Late last year, Mr. Smith chose to move forward with an action called Post Conviction Relief. I've since learned that Oregon is one of few states where this action is quite liberally applied but is rarely successful. The process does succeed, however, in re-victimizing and re-traumatizing the victims of violent crime. Mr. Smith, you see, has subpoenaed 12 of our family members to be deposed (as witnesses for his defense!!) and to re-examine these abuses. The depositions are ordered to take place in his attorneys' offices without a judge present and with no support for our children. Can any of your readers imagine just what a nightmarish experience this would be for a disabled rape victim eight years after the crime? I can personally attest to the ever present pain and agony our family is being subjected to as we attempt to protect our children. Just this week, we have had the heart-wrenching experience of responding to yet another suicide attempt by one of our very fragile children as he anticipates dredging up his horrible memories of this crime.
From the very day we were subpoenaed, Steve Doell, has stood by our family. He has tirelessly researched our case and advocated for us. He has helped us work with the media coverage and tenderly listened when we cracked under the pressure. Your recent guest writers, Representatives Greenlick and Shields, called Steve a "bully" and I must take personal offense. I certainly realize that Steve can be bold and intense. He can be driven and outspoken. But I've also seen tears form in the man's eyes as he reads yet another victim's impact statement. Let's please remember that fighting crime and cleaning up its mess is gritty, nasty, emotionally draining work. Only a person who has experienced the horror of crime can speak forcefully enough for those of us who are victims and are buckling under the weight of navigating our confusing and often brutal justice system .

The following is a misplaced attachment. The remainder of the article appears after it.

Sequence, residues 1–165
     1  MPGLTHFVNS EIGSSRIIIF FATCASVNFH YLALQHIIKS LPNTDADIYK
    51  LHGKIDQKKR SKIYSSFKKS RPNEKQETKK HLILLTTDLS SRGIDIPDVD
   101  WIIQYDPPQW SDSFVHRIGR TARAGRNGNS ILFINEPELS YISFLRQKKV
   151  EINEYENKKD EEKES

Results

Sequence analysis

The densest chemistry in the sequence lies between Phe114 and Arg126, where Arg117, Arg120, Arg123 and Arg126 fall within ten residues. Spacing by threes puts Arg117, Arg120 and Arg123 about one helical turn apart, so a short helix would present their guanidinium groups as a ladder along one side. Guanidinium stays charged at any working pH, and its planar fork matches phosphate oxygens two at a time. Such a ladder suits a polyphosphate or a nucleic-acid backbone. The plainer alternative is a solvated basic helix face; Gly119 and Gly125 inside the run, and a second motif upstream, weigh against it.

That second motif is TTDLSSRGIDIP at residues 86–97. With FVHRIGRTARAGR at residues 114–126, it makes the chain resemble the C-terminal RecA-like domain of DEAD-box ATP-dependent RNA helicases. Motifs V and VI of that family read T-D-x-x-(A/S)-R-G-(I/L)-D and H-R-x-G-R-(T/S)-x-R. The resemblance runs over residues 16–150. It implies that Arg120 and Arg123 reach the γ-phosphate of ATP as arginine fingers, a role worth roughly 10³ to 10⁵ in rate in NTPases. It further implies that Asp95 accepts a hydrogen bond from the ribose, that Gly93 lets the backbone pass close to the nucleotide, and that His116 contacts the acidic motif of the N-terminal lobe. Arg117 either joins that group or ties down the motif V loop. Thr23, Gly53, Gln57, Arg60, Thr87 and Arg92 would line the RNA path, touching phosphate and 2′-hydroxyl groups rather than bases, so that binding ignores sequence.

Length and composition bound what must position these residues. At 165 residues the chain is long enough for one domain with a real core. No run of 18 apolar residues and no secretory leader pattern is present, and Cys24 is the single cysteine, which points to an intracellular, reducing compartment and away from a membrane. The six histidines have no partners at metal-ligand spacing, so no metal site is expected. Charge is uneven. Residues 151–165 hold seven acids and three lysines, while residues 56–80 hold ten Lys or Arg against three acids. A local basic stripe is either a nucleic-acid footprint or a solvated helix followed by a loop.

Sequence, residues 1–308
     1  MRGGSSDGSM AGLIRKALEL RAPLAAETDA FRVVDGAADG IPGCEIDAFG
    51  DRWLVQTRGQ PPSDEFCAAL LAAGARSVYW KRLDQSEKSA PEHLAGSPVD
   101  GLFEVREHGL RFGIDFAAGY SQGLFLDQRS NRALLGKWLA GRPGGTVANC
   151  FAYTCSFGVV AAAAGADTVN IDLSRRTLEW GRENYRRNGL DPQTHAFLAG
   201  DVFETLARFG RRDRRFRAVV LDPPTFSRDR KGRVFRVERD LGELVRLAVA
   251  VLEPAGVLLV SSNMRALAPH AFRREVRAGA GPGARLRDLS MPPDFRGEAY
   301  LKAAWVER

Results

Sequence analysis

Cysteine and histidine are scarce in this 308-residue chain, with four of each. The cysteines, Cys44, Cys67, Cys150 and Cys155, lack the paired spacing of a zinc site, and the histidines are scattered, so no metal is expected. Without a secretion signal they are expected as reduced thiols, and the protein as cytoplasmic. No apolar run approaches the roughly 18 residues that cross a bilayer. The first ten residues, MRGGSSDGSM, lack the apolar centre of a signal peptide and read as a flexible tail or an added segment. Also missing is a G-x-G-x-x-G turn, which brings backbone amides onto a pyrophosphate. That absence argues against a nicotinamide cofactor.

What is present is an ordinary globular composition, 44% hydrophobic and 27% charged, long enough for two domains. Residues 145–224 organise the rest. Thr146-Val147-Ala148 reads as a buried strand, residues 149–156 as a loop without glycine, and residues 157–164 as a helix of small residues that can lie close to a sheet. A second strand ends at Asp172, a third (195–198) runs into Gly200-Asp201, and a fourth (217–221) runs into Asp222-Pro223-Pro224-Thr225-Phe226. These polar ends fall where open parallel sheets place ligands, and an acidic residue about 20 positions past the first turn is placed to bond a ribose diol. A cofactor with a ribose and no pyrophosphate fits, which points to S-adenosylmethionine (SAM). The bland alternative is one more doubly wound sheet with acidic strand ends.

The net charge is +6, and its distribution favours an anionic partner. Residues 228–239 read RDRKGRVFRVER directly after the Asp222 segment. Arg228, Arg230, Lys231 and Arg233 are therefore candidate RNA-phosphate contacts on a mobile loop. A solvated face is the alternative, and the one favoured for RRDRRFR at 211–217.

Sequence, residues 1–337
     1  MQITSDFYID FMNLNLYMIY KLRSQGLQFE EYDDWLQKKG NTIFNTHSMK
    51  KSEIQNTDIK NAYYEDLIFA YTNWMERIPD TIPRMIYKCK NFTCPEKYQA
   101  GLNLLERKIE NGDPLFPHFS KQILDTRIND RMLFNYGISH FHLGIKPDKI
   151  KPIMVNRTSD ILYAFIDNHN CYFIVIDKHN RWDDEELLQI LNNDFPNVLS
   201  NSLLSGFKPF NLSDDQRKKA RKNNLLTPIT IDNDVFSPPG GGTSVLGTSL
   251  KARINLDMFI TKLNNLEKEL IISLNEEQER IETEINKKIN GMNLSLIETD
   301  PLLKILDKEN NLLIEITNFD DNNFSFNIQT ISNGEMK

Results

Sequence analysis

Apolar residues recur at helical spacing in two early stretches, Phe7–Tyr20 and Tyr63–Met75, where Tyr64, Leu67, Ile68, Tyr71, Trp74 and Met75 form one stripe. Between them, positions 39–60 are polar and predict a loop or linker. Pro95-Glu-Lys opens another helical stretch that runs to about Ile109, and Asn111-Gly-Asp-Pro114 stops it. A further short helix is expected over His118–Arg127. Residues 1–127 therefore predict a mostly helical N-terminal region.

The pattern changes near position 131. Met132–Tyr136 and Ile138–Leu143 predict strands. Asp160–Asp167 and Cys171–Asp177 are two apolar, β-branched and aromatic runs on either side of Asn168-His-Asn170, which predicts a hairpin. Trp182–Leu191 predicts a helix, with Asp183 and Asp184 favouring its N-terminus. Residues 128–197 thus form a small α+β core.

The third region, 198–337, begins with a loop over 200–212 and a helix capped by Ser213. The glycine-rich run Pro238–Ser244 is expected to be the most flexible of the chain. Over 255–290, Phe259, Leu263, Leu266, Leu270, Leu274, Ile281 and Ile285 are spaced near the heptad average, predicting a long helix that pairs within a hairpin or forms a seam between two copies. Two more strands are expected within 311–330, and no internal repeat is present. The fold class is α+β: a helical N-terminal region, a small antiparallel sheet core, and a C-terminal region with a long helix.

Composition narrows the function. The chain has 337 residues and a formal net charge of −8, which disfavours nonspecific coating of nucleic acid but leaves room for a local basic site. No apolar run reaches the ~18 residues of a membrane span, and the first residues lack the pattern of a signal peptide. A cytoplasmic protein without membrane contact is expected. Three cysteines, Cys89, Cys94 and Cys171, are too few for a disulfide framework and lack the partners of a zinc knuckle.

I'm proud to be a life-long Democrat with liberal views on foreign affairs and social welfare. However, being the mother of eight rape victims, I find myself coming down hard on crime and often agreeing with my Republican friends on issues of crime and sentencing. No longer naive enough to truly believe in full rehabilitation, I now know that many criminals will almost surely resume their offending when released back into the society they harmed. God help those who unknowingly cross their path.
It has been my observation that drug and alcohol addiction and the often associated crime of drunk driving share some unfortunate characteristics with sexual offending. Without continuous and aggressive support, intervention, and treatment, the addict or offender will quickly fall back into old, highly dangerous practices of impaired driving or sexual violence. This vitally necessary treatment is rarely sought without pressure from the court and is often ineffective.
Steve Doell and Crime Victims United are working tirelessly to assure that even as we work towards reformation with each offender, we also assure that Oregonians, especially our most vulnerable and precious children, can benefit from the safety we purchase with every single day a criminal stays behind bars. Steve Doell is not a "bully". He is an advocate. Remember his name. If you or someone dear to you is wounded by a criminal, you will need his help.